In the run up to the UN High-Level Dialogue on Migration and Development that will take place in October 2013, there is a lot of discussion among migration experts on how migration might feature in the post-2015 development agenda. A foremost spokesperson for the migration community is Peter Sutherland, Chairman of Goldman Sachs International and the London School of Economics, and UN Special Representative for International Migration and Development (and former Director General of the World Trade Organization, EU Commissioner for Competition, and Attorney General of Ireland) has published a very timely, useful and well-written op-ed today, titled "Migration is Development". He writes,
"To succeed, the post-2015 agenda must break the original mold. It must be grounded in a fuller narrative about how development occurs – a narrative that accounts for complex issues such as migration. Otherwise, the global development agenda could lose its relevance, and thus its grip on stakeholders....[M]igration is the original strategy for people seeking to escape poverty, mitigate risk, and build a better life."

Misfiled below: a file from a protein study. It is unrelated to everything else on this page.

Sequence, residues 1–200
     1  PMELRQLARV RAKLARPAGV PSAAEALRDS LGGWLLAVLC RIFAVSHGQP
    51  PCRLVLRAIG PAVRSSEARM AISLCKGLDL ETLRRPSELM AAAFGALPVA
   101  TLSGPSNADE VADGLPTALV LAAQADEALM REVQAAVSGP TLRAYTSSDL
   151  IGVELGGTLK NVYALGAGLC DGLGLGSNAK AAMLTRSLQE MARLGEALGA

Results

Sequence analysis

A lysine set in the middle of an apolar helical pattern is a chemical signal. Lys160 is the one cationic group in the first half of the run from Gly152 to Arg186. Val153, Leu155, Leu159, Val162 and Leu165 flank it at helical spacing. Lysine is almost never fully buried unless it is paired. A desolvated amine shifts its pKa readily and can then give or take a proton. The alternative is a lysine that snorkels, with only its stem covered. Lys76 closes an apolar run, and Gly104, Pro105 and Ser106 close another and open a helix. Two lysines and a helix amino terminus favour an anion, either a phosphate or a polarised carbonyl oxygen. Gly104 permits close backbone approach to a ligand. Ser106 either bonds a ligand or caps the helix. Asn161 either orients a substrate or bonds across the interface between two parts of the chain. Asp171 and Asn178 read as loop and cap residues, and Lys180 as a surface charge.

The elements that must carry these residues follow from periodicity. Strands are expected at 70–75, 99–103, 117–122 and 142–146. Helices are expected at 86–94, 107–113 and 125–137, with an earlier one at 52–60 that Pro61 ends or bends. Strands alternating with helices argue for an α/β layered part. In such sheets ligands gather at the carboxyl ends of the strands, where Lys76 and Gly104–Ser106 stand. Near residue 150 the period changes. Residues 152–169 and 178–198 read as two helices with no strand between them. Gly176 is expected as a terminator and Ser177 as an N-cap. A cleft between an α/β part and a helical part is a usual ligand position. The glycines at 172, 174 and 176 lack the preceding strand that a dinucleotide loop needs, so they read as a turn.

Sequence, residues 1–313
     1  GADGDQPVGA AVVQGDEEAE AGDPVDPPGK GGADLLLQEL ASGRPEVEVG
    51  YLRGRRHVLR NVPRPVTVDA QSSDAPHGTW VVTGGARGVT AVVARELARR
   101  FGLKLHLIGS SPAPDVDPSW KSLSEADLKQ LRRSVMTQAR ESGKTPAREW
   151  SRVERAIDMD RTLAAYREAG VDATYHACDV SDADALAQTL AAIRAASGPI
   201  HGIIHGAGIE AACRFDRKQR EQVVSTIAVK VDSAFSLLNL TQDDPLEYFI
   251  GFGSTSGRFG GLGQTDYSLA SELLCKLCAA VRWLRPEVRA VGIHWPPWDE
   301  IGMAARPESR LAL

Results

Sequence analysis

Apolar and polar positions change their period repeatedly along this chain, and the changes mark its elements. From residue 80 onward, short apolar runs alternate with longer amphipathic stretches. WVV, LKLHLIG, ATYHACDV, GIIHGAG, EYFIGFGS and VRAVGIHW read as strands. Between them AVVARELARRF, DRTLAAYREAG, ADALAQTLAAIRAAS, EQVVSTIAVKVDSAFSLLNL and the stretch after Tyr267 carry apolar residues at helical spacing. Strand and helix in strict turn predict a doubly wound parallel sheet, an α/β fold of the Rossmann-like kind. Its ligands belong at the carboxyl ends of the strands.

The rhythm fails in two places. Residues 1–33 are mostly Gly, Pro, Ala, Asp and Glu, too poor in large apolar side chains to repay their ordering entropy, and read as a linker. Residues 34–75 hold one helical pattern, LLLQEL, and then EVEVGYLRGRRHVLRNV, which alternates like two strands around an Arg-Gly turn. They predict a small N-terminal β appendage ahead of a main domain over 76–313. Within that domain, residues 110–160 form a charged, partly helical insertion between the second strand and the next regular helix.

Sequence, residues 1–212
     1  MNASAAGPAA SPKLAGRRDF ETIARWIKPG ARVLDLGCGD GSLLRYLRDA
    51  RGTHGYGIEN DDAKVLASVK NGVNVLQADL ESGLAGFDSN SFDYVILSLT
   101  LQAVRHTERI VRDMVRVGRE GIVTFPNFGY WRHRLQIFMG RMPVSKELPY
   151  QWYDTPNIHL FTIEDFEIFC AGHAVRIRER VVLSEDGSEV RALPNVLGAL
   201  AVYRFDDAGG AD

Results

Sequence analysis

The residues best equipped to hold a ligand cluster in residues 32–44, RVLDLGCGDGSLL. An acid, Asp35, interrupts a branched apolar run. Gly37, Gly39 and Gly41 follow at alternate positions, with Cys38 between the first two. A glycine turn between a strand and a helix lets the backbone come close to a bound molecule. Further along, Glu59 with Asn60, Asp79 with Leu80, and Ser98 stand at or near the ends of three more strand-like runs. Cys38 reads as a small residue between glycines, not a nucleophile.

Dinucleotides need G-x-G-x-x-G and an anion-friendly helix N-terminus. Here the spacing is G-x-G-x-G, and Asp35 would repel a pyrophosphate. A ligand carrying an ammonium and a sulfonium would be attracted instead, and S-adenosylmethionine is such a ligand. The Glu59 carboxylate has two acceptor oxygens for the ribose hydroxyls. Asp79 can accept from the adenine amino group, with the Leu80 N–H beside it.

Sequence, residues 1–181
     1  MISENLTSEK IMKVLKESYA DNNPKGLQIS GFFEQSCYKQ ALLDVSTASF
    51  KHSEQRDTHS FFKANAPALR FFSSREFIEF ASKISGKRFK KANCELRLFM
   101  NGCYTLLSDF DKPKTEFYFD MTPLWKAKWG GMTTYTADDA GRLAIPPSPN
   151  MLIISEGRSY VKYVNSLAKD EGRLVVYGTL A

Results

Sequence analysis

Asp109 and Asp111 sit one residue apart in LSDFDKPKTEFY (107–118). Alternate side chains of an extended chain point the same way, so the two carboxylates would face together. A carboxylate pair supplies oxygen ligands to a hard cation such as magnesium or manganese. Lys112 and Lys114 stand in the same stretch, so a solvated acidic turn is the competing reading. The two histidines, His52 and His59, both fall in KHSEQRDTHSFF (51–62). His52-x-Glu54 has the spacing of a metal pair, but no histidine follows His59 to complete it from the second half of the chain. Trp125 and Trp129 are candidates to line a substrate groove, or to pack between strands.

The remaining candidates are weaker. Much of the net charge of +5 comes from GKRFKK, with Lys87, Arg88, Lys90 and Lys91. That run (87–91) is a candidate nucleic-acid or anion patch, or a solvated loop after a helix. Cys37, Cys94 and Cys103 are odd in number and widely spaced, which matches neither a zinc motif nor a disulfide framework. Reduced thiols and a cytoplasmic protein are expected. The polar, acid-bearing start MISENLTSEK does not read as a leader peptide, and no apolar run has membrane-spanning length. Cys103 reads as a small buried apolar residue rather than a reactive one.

Standard trade literature tends to view migration and trade as substitutes. In that framework, either workers migrate to satisfy foreign demand or foreign demand is satisfied by trading goods and services. There is a growing literature, however, emphasizing that migrant networks facilitate bilateral economic transactions by disseminating their preferences for goods from their country of origin and/or by removing informational and cultural barriers between hosts and origin countries. In this case, migration would reduce transaction costs associated with trade and may be a complement rather than a substitute to trade.
A heads up about this upcoming event. This conference, the first in the GCC region to my knowledge, will bring together governments, experts and practitioners from Asia and other parts of the world, to stimulate greater regional interest and engagement in the global dialogue on migration and development. It is expected to bring innovative ideas and research to the regional debates and programs; and strengthen the knowledge and capacity of the regional actors to conduct research and lead inter-agency policy discussion in the filed of labor mobility.